LEGEND OF GRIMROCK
Platform: Windows PC
Publisher: Almost Human
Dungeons & Dragons is a horror game.
I mean, that's not all it is. It's also humor. A lot of the stuff that went into the game at the very beginning, and has persisted through inertia to this day, was whatever Gary Gygax and crew thought would be fun or funny at the time. The foundations of D&D had no grand plan and no aspirations of coherence.
But the experience of playing a tabletop roleplaying game is often about immersing yourself into what your character is experiencing, and a lot of what Dungeons & Dragons characters experience involves exploring ill-lit caverns miles below the surface of the earth, miles away from safe supply lines, with finite rations and light sources (and beware keeping those lit; you don't know what they'll attract), worrying about cave-ins blocking off paths of escape, never sure what awful example of subterranean ecology you'll run into next. With no source of reliable supplies and no hope of rescue should anything go wrong, you're stalked by vicious animals and monsters and mindless killer automatons, some of which are raised from the rotting corpses of those who've come before you, all the while evading lethal defensive traps laid by the more intelligent underground dwellers whose home you're raiding. You may be wearing armor scorched by acid, or robes torn and burned by the unpredictable backlashes of your own offensive magic.
I'll stop, but you get the point.
Recent editions of tabletop Dungeons & Dragons tend to downplay that in favor of action and player-friendlienss. Worrying about food supplies and realistic healing models can be a drag, and sometimes what people want is to move from big action setpiece to big action setpiece, possibly while exploring character-based drama or epic plots.
Computer role-playing games are descended from Dungeons & Dragons, and nowadays they tend to downplay all that as well. You see the occasional exception, like Demon's Souls and Dark Souls, but for the most part games go for excitement and story over grim logistics. That's not a bad thing some of the time.
Legend of Grimrock is an old-school dungeon bash game. I played it all weekend. I'll describe it in a moment, but for now here's what's worrying me most about my current playthrough: My party of adventurers has run out of food. I spent too long fucking around with a couple of optional puzzles and now my two frontline fighters are starving to death. My rear guard, a mage and a rogue, are not far from the same state. I've had to abandon the door puzzle on level 4 and press forward in the hopes of finding more rations, and while I'm doing this, neither of my fighters can regain health. Looking at the situation rationally I'm pretty sure I can pull out of my death spiral—there are a couple of areas at the bottom of pit traps on previous levels that I haven't explored and that I can probably make it back to, which might contain some food (getting down there is going to hurt, though), or, at the very least, monsters that might drop food after I kill them (mm, giant snail meat). I'm hauling around enough ingredients to make about three healing potions to carry us through fights in the meantime (but if I do that, I won't be able to make antidotes or disease cures). Failing that I can use one of the game's few precious remaining one-use resurrection crystals (one per dungeon level so far; one already used, three remaining) to revive my characters to full health and vitality to make pressing forward easier.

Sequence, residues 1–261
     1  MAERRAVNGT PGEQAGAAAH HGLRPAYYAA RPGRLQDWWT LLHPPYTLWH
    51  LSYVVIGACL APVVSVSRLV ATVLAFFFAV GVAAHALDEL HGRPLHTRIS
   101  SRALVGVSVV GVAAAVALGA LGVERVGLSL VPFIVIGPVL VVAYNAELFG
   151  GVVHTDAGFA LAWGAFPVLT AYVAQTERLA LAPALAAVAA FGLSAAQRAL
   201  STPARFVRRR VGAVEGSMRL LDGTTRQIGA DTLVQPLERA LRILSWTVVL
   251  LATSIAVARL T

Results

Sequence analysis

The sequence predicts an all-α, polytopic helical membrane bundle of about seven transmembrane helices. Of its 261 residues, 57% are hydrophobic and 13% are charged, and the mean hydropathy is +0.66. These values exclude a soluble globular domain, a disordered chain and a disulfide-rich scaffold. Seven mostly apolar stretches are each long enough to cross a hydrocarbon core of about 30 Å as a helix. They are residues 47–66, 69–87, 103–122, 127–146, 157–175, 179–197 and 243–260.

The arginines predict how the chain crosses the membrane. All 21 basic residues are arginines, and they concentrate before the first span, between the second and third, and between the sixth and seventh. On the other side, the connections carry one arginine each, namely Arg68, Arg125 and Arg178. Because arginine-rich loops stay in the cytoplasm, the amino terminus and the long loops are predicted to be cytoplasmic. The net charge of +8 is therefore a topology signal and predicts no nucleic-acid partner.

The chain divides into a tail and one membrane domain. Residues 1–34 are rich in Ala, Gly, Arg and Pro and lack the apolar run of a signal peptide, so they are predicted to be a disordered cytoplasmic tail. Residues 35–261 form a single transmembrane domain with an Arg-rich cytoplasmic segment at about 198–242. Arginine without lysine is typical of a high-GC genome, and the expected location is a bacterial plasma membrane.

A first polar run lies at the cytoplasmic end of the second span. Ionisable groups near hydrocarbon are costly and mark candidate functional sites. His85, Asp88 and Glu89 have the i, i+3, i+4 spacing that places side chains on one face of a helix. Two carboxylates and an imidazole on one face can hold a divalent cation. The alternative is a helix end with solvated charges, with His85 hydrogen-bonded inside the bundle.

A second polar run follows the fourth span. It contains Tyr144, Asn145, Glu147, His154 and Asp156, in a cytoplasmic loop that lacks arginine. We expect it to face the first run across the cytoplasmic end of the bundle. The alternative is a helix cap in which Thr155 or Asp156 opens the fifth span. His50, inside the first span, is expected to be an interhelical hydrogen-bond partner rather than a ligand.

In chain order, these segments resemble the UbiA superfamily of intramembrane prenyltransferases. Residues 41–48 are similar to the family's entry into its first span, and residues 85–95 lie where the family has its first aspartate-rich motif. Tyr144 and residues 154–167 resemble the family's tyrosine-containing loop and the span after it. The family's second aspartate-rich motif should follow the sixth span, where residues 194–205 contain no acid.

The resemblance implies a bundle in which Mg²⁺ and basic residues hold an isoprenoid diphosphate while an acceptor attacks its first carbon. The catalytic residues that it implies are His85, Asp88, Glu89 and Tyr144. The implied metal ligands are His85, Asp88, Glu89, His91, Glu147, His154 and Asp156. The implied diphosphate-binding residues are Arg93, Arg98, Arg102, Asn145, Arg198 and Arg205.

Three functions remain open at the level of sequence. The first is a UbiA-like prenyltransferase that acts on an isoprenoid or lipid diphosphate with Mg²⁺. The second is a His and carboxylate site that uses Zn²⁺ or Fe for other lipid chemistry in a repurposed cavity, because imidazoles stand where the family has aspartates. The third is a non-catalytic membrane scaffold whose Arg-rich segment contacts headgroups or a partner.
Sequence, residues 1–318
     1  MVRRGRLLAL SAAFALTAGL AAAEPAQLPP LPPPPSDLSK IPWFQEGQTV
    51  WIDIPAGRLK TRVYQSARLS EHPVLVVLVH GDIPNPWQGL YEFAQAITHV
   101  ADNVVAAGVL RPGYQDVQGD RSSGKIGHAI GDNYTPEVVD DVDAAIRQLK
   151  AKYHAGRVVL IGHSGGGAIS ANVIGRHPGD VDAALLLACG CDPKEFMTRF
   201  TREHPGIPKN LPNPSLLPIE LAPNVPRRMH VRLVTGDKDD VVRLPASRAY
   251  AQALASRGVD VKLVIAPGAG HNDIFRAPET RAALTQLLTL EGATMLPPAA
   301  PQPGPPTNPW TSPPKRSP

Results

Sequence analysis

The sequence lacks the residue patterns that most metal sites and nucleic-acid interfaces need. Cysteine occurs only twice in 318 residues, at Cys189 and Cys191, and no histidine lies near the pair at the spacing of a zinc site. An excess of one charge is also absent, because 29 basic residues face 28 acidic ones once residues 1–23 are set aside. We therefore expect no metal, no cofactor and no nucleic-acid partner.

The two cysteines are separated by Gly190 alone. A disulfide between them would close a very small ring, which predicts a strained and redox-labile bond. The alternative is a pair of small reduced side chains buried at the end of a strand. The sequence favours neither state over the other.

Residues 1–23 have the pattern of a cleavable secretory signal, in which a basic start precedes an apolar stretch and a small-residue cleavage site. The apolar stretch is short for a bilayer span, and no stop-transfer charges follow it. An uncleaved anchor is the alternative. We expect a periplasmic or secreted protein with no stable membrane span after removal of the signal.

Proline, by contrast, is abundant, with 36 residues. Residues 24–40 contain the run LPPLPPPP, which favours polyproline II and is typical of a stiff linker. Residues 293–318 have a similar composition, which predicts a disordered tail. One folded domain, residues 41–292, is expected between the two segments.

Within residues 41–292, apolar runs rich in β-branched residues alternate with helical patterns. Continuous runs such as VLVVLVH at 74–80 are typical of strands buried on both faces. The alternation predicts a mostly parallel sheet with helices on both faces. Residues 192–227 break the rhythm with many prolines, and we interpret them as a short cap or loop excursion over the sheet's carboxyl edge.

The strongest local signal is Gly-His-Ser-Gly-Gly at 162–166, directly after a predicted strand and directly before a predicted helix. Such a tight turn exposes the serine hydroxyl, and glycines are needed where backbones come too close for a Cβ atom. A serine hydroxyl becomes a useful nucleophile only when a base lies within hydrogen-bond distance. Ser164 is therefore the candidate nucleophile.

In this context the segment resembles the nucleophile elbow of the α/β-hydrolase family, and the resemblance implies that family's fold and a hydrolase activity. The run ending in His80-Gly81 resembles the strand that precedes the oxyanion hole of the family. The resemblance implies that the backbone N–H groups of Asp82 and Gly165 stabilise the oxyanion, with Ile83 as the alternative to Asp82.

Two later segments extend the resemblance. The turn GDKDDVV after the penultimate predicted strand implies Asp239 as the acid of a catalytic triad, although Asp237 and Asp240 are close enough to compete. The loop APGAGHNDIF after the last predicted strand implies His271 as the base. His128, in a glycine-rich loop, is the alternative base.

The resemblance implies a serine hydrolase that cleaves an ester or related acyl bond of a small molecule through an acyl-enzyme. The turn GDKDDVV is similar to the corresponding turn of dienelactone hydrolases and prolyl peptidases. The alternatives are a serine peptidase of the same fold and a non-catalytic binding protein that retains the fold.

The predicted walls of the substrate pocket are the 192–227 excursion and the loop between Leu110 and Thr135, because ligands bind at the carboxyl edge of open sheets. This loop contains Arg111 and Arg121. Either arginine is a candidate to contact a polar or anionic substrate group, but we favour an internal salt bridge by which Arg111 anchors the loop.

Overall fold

…actually, looking at it rationally it doesn't really look any better, does it?
Not a lot of games provide this experience.
So. Legend of Grimrock is, as I said, an old-school dungeon bash, based on a sort of game that used to be big but isn't really made anymore—the first-person-perspective tile-based dungeon exploration game, where you control not one character but a party of four. Wikipedia tells me the game was inspired by Dungeon Master, Eye of the Beholder, and Ultima Underworld. I'll be honest, I never played any of those. When they were current, near the end of the 90s, our household didn't have a computer. But I also understand they were huge at the time and games generally don't become popular without some meritorious design elements, and I'm always curious what gets thrown aside when the standard of gaming advances. It's neat to see a well-made modern interpretation of an older game formula, and man, Legend of Grimrock really is so well-made.
The graphics do everything they need to do—light sources flicker on bump-mapped stone walls and monsters animate smoothly. You never see the characters you make, aside from their portraits arranged in their marching order (melee combatants at the front, ranged combatants behind; you can have your rearguard attack at melee range with polearms if you find one), so the game doesn't have to bother with a lot of the more complex graphic operations it would need to manage otherwise; consequently it runs very well. Gameplay is a sort of real-time grid-based thing where you can attack enemies only to your direct north, south, east, or west; I spend a lot of combats abusing the hell out of this, moving adjacent to enemies, hitting them, and then moving to squares diagonal to them before they can return attacks. This tactic only works against a few enemies at a time, so, like in Dark Souls, I spend a lot of time pulling enemies into familiar territory and trying to face them one at a time. I dread the sound of a gate opening behind me, because it means familiar territory has just become unknown.
Also? It's fifteen bucks.
If you have a PC and any affinity for fantasy games you need to try Legend of Grimrock.
Previously - Mass Effect 3